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The deal could snag you a few nights at the Ritz-Carlton Half Moon Bay, where rates are currently more than $800 a night.
Travelers can score up to three free nights at some of Marriott’s nicest hotels with this new credit card offer.
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As travel within the U.S. begins a major summer rebound, we have seen some tremendous credit card offers launch, with the chance to earn hundreds, or even thousands, of dollars’ worth of travel rewards.
Now, one of the top hotel credit cards has followed suit with an incredible welcome bonus of its own. The Marriott Bonvoy Boundless™ Credit Card from Chase is offering new applicants up to three free nights after spending $3,000 on purchases within the first three months from account opening, plus up to 10 points per dollar on purchases in up to $2,500 in combined purchases at gas stations, restaurants, and grocery stores within the first six months from account opening.
This offer is available for a limited time that may last only a couple of weeks, so if you want to apply you’d better make your mind up fast. Before you do so, here are the details on the card, this specific offer, and how new cardholders might be able to put their free nights to use this summer and beyond.
This Marriott Bonvoy Boundless bonus is unlike any we’ve seen before, but there are a few catches. Here’s what you can expect from the card.
Earn three free nights after spending $3,000 on purchases within the first three months of account opening. Each night is valued at up to 50,000 Marriott Bonvoy points, so this offer is worth up to a potential total of 150,000 points, depending on where you redeem your rewards.
Plus, you can earn 10 points per dollar total on up to $2,500 in purchases at gas stations, restaurants, and supermarkets within the first six months from account opening – three excellent everyday spending categories that shouldn’t be hard to maximize.
Marriott Bonvoy is the loyalty program of 30 brands with nearly 8,000 properties around the world, including luxury names like Ritz-Carlton and St. Regis, midmarket staples like Sheraton and Westin, and budget brands such as Courtyard by Marriott and Residence Inn. This card earns six points per dollar on purchases made at participating hotels, and then two points per dollar on all other purchases.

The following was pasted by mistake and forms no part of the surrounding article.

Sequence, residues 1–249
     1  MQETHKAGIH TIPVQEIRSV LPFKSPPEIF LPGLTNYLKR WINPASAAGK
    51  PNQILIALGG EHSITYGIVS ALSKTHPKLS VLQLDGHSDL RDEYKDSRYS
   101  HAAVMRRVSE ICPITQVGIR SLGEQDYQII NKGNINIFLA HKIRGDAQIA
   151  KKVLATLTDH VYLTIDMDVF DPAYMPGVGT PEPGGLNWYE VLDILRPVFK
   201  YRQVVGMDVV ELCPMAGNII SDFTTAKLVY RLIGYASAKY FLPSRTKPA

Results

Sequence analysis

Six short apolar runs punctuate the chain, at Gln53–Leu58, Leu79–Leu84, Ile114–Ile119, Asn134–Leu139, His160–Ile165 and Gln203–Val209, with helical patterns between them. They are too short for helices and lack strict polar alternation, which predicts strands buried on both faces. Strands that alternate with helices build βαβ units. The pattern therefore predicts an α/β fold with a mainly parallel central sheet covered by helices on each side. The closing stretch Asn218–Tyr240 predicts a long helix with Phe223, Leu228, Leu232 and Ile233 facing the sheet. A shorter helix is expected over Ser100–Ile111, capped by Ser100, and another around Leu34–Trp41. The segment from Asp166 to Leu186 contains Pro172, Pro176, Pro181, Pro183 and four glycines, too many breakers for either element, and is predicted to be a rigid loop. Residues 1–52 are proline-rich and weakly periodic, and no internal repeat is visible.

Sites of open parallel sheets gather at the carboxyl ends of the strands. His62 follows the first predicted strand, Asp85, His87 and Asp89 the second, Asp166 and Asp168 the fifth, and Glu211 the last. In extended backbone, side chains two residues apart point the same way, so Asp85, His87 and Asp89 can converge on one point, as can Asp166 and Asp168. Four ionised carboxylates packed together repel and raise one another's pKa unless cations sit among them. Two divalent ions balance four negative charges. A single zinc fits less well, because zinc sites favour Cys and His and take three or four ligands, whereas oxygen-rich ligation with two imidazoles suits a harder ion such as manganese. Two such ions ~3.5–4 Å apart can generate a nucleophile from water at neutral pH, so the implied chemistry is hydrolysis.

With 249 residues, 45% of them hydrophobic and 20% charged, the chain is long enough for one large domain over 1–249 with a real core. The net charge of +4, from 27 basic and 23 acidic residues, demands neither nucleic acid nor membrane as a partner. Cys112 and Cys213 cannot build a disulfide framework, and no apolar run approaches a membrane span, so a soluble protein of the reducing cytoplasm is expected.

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Cardholders automatically receive 15 elite night credits per calendar year. That’s enough to hit Bonvoy Silver status, which usually requires staying 10 nights a year, and includes perks such as earning bonus points on stays, potential room upgrades and late checkout. Those nights can also help boost you to the next level of status (say, from Gold to Platinum) if you already spend a lot of time in Marriott properties each year. What’s more, cardholders who spend $35,000 or more on the card in an account year leapfrog up to Gold elite status with slightly better perks, including more bonus points, a better shot at room upgrades, free premium in-room internet, and welcome bonus points at check-in.
The card waives foreign transaction fees if you use it for international purchases, and every year after the account anniversary, cardholders receive an additional free night award worth up to 35,000 points.
Just note that you won’t be eligible for this offer if you currently have this card or other Marriott cobranded products, including the Marriott Bonvoy Bold™ Credit Card, or either the Marriott Bonvoy Brilliant™ American Express® Card (see rates and fees) or the Marriott Bonvoy Business™ American Express® Card (see rates and fees), among others. If you don’t currently have one of these cards, but did in the past and received its welcome bonus within the past 24 months, you might likewise be excluded from this offer.
Now for the big question: What are three free nights actually worth in terms of this specific offer? The way it works is this: If you hit the minimum spending requirement, your Marriott Bonvoy loyalty account will be credited with three free night certificates, each one redeemable at hotels costing up to 50,000 points. To put that into context, Marriott Bonvoy hotels fall into eight redemption categories that range from 5,000 to 100,000 points per night, depending on the hotel and the season. A certificate worth 50,000 points will get you a free night at hotels in categories 1–5 (the lowest) pretty much any night there is award space. You might also be able to find rooms at category 6–7 hotels during normal and off-peak times, but this will be more luck of the draw.